Young horses generally do not bite out of maliciousness, but rather playfulness. Horses play with each other with their teeth and hooves, and young horses have not yet learned that playing with humans similarly is not on the agenda. Youngsters need to learn where their space ends and yours begins, and that entry into your space is by invitation only. If the horse is not in your space, he is not in a position to bite you.

Positive reinforcement training is an effective tool to train this and similar ground manners. It teaches your horse that interacting with humans is good news, making the transition to under-saddle easy and natural. It is hard to mess up even for non-professionals. And, it is fun.

Positive reinforcement simply means that behaviours that are followed by a reward are strengthened – i.e. they are likely to reoccur (for more details see Horse Sport July 2014). To teach my horse not to bite me, I reward him for not biting me, and thus let him know that not biting is the behaviour I want to see again. There is a well-established myth that is a poor idea to give horses treats because it makes them nippy. However, treats do not make nippy horses unless the horse is reinforced for nipping. In fact, treats can teach your horse not to be nippy.

When teaching young horses with positive reinforcement training, the first lesson is not to maul me for the treats that I am carrying with me in a pocket or pouch. Generally, I begin this with a clicker (a small hand-held device that makes a distinctive clicking sound). If the sound of a click is always followed by a treat, the clicker will soon become associated with the notion that good things will follow. Although not absolutely necessary, the clicker fine-tunes the training by alerting the horse to the precise behaviour I want to reward.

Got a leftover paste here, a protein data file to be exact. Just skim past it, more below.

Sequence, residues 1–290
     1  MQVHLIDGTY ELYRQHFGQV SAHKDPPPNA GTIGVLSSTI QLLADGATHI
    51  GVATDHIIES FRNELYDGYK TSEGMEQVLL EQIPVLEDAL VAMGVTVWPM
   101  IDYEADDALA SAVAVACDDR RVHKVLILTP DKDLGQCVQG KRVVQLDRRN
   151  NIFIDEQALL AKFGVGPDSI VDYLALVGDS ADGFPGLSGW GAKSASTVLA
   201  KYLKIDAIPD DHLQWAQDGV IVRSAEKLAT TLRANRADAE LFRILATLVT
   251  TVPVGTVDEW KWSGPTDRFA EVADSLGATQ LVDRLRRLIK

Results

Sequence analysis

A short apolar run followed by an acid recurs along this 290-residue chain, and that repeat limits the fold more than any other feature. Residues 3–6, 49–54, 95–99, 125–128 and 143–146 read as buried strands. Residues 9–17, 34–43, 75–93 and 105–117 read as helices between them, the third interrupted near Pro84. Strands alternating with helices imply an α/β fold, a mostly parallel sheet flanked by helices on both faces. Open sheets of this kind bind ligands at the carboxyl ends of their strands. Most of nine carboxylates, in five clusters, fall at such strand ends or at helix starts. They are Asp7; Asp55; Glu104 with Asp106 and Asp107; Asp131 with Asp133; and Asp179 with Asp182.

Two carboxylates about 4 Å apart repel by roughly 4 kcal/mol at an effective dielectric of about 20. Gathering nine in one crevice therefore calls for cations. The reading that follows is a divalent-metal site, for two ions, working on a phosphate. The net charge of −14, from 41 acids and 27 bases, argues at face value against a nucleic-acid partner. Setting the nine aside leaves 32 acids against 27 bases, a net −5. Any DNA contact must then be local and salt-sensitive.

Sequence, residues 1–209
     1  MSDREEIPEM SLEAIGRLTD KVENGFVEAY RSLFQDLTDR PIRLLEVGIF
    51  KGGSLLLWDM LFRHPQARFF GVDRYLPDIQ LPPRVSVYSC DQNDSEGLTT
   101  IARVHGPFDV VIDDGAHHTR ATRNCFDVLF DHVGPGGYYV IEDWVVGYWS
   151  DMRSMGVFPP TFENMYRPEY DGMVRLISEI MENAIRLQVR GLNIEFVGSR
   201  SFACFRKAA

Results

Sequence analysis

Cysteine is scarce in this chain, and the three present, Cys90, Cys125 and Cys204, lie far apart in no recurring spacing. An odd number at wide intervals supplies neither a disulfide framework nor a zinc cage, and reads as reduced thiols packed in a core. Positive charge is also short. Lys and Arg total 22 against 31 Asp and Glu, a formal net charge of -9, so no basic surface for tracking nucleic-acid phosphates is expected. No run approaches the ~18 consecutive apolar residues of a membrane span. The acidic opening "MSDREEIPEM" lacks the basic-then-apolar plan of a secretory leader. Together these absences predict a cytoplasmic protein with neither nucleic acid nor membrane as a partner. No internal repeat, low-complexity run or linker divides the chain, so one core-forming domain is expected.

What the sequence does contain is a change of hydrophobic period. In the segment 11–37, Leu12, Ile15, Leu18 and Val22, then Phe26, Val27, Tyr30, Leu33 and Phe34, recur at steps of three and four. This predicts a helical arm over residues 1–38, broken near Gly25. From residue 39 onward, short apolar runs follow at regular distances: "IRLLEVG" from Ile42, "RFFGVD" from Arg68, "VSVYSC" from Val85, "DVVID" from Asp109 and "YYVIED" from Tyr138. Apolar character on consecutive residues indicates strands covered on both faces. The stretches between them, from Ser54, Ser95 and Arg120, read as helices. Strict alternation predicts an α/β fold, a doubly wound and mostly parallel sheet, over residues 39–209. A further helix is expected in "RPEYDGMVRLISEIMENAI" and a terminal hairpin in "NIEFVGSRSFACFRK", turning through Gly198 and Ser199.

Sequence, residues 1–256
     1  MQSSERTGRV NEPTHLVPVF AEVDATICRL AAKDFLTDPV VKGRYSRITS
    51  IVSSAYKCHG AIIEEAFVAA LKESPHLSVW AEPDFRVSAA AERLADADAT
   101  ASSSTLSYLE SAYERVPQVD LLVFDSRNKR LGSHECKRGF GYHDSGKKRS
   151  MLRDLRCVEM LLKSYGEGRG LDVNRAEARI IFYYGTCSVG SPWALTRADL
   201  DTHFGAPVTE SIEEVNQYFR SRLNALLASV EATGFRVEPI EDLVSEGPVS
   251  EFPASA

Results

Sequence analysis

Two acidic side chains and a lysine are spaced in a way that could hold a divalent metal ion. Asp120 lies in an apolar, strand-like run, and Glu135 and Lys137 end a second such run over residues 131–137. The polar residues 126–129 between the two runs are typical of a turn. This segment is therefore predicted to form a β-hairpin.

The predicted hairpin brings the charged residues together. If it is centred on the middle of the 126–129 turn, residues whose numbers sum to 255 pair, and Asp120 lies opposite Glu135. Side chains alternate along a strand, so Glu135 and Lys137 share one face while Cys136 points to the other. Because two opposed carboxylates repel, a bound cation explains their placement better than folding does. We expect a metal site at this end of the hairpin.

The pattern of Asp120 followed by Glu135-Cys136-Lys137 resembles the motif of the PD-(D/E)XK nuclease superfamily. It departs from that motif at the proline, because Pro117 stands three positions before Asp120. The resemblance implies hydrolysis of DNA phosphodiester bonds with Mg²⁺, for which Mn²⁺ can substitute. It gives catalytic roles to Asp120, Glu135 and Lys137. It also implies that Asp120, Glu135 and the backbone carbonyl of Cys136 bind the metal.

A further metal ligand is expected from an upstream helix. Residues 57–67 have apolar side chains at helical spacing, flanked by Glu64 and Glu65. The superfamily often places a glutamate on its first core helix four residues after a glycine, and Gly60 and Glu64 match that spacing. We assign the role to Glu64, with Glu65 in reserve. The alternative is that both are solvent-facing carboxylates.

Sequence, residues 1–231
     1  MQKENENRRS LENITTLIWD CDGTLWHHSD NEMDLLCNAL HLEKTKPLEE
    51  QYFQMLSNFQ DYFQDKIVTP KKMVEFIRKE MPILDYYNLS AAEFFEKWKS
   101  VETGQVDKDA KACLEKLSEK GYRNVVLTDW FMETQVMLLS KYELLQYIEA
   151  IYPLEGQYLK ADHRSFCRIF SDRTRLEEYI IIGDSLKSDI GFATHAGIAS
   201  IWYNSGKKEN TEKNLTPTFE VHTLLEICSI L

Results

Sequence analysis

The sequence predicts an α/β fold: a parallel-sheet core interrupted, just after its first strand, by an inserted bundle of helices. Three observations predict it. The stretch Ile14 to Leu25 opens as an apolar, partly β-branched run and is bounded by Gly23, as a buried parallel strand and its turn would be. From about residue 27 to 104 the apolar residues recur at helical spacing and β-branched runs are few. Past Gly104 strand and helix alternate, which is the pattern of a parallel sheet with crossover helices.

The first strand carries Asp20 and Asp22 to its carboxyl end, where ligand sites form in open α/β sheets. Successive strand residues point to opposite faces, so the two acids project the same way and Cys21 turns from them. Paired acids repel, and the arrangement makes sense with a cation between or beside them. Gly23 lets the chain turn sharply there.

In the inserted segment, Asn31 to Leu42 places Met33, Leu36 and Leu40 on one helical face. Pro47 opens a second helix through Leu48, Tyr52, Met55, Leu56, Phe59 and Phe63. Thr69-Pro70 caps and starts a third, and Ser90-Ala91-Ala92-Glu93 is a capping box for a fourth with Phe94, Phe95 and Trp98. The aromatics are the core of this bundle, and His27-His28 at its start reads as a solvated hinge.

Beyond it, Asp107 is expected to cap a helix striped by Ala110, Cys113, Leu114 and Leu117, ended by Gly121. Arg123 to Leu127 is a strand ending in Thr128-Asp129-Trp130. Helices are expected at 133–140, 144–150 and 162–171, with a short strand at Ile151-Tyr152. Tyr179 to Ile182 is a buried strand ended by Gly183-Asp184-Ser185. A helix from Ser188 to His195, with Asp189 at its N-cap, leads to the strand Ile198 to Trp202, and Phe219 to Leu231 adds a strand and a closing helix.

If he mauls me for treats, I ignore this behaviour, or if necessary, push him away. Any movement away from the treat source is immediately rewarded with a click followed by a treat. Very soon, he understands that mauling me does not get him anywhere, keeping out of my space brings good things, and that the sound of a clicker is a very good thing indeed.

After the horse has learned the my space/your space lesson, leading him out to his turn-out is the next good place to practice; the temptation to bite will be greater as your exuberant youngster anticipates his playing time outside. If he happens to walk quietly beside you, immediately reward this behaviour. The treat or positive reinforcement lets him know that this is the behaviour you want. At the first sign of him pushing into your space, push him away (you may need a crop or a chain over his nose to correct his position); when he is back in his space for a step, reward this behaviour.

Horses, like humans, do what works and they stop doing what doesn’t work. If you don’t want your horse to bite, make sure that biting does not work, and that not biting does. It really is almost that simple.